I made a book! Hooray for me. In celebration, I’d like to tell you how I followed my dreams, and became the massive success that I am.
First of all, you should buy my book! Since I’m motivating you with this column, perhaps you could recognize that we are living in a post-permanent-job, post-employee-benefits, post-industrial, post-knowledge, post-gig, post-freelancers-get-paid-within-two-months-of-their-submitted-invoice creative economy, and spend some cash on the project I worked on. Bonus: you will have something to read!
I’m just kidding. Don’t buy my book. I mean, if you really want it, then go for it. But to tell you the truth, I made the book because I really wanted to make something. I bake cookies for the same reason: to create, and have something truly awesome at the end. If you don’t want my book, that is totally cool because I have reached peak satisfaction in the act of making, and I’m very happy right now. It looks great. I hired people I know who have major skills to help me make it. There are now boxes of glossy books in my living room.
So why don’t I move on to the business of telling you how you can be like me, in just a few simple steps.
1. Make Sure You Don’t Get Help From Anyone
Anyone who has truly “made it” has done it on their own. Forged their own path. Broken rules. Ignored all the people telling them they were doing it wrong, or had a bad idea. Did not learn the tools, techniques, or vocabulary of their chosen trade. Did not take lessons. Decided against going to a school that drew money from taxpayers, and made up all of their own ideas by themselves. Refused to use public transportation, or publicly funded roads to get to the place where they made the thing that made them a success. They did not have mentors or structures in place to help them move forward in their endeavour. These people did not need libraries to give them ideas, doctors to keep them healthy, traffic laws keeping them safe in their vehicles while they ruminated on their big ideas inside their cars, or schoolteachers to keep their goddamn kids out of the way while they were trying to think. They did it on.their.own.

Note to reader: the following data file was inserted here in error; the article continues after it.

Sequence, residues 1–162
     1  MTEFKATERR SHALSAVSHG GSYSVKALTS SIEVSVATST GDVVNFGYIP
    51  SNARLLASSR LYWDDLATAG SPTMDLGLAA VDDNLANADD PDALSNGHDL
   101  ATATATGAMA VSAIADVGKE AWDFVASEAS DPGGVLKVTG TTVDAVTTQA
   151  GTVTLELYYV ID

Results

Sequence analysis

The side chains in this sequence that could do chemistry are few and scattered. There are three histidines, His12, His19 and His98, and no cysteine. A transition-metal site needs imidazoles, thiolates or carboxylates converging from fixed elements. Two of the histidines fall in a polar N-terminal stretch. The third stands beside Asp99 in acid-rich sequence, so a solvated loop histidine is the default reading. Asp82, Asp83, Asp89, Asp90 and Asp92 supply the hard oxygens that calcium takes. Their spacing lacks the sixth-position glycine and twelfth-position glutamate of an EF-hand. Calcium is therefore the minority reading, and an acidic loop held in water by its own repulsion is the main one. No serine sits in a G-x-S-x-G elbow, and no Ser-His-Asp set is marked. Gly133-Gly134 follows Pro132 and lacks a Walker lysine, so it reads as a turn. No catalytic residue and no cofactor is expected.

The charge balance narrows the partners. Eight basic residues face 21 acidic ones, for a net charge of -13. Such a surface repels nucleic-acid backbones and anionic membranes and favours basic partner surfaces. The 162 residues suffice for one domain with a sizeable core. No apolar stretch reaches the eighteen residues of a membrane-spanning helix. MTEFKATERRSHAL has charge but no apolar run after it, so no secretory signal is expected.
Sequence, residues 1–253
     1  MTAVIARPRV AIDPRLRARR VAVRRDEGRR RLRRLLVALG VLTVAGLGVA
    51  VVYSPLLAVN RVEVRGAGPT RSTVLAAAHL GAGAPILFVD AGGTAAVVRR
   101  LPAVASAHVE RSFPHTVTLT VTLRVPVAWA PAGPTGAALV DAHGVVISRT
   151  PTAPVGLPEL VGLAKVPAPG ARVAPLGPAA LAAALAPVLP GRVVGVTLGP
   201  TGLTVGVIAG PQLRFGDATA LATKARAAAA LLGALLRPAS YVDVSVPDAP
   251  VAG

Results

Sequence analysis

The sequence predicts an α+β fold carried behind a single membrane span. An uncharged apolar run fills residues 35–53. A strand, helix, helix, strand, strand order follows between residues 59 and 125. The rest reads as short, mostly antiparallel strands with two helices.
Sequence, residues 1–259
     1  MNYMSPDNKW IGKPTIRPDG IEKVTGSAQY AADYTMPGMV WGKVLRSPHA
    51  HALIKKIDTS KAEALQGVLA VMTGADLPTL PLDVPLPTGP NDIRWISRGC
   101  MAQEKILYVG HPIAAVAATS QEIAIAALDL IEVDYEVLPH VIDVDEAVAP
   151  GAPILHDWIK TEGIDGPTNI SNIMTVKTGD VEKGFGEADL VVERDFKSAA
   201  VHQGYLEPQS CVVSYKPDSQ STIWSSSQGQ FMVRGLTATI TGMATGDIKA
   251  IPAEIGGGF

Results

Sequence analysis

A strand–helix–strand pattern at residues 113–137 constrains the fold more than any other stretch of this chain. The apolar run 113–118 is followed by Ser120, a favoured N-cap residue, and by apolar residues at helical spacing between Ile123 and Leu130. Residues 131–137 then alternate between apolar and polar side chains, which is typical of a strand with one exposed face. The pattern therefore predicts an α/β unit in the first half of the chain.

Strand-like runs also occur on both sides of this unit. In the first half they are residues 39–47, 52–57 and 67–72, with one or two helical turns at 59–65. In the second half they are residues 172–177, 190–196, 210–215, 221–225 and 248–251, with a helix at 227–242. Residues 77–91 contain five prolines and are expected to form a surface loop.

If anyone tries to tell you to take a writing class if you want to write a book, or a piano lesson if you want to be a composer, or to read a certain magazine before you pitch an article to it, or to spend time understanding how different fabrics drape on the body before becoming a fashion designer, don’t listen to them. You’ve got it figured out.
2. Neglect Your Responsibilities